Does Having an Atrial Fibrillation Ablation Mean I Will Be Off My Meds?

February 22, 2022

Medication may become less effective for treating arrhythmia but does ablation make medication unnecessary

When patients come to our office complaining of symptoms from their atrial fibrillation or Afib, they are often desperate for relief and a solution. At best, a rapid heartbeat is concerning, but for some, episodes can be downright scary, putting them in the emergency room worried about a heart attack. Medication management is the first line of treatment for most, but only about 50% of patients tolerate these medications well. For the other 50%, drugs may become less effective over time, or the side effects of the medication may be unacceptable. These patients often look to have a cardiac catheter ablation to eliminate these side effects while benefiting from their arrhythmia’s potential improvement or resolution.

Setting Appropriate Expectations

Dr. Banker places a significant emphasis on proper patient selection. This means ensuring that patients are appropriate for a catheter ablation procedure. The success rate can be upwards of 80-85% in qualified patients with relatively few potential severe complications.

However, this does not mean that the other 15 to 20% are out of luck. Instead, many will see partial relief that requires ongoing medication management, albeit at a reduced dose or coming back for a second ablation, which is often just as straightforward as the first.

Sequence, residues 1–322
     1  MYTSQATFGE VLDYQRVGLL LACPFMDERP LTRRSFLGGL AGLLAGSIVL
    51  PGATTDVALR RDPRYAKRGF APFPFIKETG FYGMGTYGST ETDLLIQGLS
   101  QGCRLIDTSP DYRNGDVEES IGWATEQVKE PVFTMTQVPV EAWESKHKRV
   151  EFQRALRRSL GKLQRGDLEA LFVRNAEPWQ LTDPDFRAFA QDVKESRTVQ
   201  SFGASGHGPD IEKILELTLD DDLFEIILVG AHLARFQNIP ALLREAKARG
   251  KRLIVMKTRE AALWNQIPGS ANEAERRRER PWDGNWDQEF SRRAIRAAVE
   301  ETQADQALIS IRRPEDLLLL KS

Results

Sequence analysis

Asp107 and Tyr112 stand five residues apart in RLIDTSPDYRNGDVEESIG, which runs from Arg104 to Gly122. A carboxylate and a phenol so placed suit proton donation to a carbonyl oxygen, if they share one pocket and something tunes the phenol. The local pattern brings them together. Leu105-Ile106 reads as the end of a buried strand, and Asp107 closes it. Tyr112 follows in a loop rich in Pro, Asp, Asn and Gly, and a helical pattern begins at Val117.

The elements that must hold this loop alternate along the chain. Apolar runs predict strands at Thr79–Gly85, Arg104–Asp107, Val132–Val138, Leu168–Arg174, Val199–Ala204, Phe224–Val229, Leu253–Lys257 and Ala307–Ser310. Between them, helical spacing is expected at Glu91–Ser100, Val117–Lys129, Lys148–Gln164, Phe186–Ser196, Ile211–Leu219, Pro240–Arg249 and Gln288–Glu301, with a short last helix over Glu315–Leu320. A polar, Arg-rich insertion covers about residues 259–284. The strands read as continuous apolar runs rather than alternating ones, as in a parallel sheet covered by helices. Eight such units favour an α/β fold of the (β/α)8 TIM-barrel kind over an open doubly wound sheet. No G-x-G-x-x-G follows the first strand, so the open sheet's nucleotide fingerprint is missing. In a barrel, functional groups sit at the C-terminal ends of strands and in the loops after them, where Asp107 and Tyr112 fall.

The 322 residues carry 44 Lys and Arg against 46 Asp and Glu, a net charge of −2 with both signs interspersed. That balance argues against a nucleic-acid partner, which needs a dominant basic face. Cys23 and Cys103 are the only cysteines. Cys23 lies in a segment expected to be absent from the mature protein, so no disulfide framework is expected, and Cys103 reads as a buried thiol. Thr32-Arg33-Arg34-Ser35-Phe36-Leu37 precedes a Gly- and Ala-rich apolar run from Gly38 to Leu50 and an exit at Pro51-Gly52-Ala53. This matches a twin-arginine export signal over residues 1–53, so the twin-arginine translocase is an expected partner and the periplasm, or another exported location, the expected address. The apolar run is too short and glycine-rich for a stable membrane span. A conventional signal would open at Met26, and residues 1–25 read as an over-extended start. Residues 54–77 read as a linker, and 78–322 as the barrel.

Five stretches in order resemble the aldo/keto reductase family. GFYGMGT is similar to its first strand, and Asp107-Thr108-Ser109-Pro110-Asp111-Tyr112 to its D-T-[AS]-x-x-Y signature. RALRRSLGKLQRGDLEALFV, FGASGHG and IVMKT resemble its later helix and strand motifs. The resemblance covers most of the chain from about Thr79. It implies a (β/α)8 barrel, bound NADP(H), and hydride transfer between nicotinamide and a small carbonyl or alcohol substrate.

How Do You Improve the Odds of Success?

Ultimately, catching an arrhythmia and treating it at its earliest signs offers the patient their best chance of long-term success. However, lifestyle also plays into both the severity of the arrhythmia and the chances of improvement after treatment. Patients should be aware of the risks of arrhythmia, including smoking, significant alcohol consumption, excess weight and obesity, sedentary lifestyle, and many of the conditions to go along with it, including high cholesterol/hyperlipidemia, high blood pressure/hypertension, and diabetes.

For comprehensive care, please get in touch with Dr. Banker to schedule an appointment and start the diagnostic process to understand more about arrhythmias and treatment options for your situation.

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